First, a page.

How to Cope With Cashflow Issues as a Landlord
When you collect rent, money goes to pay business-related expenses such as insurance, taxes and the mortgage. It also gets used for other bills, such as those that come from advertising, property maintenance, utilities, water and garbage. And if you have a bookkeeper or handyman, you need to pay them as well.
But what happens when your rentals aren’t bringing in enough to pay for everything and cash gets tight?
The first thing to do is go over your monthly bills carefully, paying special attention to what’s going on with heat, electricity and water bills. Maybe you have a tenant who needs to open a window because the temperature is too high in his or her unit. If you control the thermostat, you might want to ask your renters whether they are getting too much heat.
If your tenants control in-home thermostats, ask them if you can run a check. Explain the situation to them. Perhaps you can get your renters to regulate their controllers more carefully. If it turns out that that defective thermostats are what are causing the problem, you may need to make a few replacements.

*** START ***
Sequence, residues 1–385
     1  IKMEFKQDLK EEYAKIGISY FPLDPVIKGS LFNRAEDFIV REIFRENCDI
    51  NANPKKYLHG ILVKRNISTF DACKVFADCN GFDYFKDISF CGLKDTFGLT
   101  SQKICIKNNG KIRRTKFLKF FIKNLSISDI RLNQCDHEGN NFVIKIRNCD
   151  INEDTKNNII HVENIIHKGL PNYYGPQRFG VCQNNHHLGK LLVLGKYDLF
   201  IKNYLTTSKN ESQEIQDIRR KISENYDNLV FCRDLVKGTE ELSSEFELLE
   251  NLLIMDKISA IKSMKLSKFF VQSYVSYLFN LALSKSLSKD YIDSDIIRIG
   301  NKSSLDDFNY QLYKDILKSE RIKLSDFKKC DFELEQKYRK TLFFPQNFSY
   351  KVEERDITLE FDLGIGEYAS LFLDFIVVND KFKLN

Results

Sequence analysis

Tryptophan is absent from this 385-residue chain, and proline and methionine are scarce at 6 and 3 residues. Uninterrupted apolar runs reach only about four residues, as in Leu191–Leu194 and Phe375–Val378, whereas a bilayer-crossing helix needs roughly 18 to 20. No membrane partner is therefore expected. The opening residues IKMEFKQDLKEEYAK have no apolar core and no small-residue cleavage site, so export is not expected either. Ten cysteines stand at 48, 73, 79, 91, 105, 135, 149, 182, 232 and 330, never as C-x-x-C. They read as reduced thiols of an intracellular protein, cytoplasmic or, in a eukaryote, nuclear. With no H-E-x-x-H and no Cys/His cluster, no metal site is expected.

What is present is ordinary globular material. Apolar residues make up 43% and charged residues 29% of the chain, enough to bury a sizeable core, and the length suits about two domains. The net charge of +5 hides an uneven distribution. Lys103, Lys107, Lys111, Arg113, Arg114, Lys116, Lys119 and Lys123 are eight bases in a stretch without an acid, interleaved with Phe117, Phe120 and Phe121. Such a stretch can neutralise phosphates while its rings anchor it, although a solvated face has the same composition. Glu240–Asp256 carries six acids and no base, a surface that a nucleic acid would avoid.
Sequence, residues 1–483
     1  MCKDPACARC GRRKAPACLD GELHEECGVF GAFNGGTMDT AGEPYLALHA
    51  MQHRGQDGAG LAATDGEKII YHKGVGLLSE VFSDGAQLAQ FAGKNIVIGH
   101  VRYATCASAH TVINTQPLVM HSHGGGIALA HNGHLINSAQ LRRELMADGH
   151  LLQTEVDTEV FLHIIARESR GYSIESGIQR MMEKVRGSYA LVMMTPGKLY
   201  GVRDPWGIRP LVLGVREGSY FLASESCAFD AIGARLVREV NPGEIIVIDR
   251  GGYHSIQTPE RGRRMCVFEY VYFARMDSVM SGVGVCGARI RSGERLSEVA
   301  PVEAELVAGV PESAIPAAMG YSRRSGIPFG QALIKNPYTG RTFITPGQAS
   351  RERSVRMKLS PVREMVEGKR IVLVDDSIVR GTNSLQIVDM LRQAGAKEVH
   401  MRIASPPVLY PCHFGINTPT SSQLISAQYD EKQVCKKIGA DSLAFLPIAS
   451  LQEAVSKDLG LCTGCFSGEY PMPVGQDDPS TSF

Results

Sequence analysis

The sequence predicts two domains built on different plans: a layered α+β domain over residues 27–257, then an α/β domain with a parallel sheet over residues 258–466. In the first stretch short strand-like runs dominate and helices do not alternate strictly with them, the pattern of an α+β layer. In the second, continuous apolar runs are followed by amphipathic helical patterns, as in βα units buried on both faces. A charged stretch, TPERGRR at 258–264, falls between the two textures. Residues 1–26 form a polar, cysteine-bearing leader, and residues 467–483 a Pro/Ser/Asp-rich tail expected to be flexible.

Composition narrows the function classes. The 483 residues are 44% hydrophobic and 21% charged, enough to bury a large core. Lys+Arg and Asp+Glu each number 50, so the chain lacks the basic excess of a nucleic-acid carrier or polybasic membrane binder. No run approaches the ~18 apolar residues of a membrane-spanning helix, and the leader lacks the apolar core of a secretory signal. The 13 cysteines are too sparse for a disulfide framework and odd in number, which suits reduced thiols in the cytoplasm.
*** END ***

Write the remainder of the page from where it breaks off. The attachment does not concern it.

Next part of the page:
You might also consider putting in some weather stripping along windows and doors. If your rental home, condominium or apartment complex was built before 1970, the building itself may not have proper insulation. You may want to look into this, but be sure to do the math so that you know how long it will take you to get a return on your investment.
If it’s the water bills that are out of control, then you’ll probably want to do an inspection of all the faucets, toilets and water heaters for leaks. A slow drip from any indoor or outdoor water-bearing device can add up to quite a few extra gallons that you have to pay for at the end of the month.
No matter how tight things get, you should never tap into money saved for taxes nor should you even think about using the security deposits your tenants gave you when they moved in. Some states like Texas are less stringent about this than others, but as a matter of ethics, it’s to your benefit to keep that money separate.
At Herman Boswell, we believe that the one of the keys to successful landlording is good cashflow management. Our experts pride themselves on staying on top of the financial issues that matter most to our clients. When you need an experienced, top-notch team real estate management team to safeguard your investments, contact us!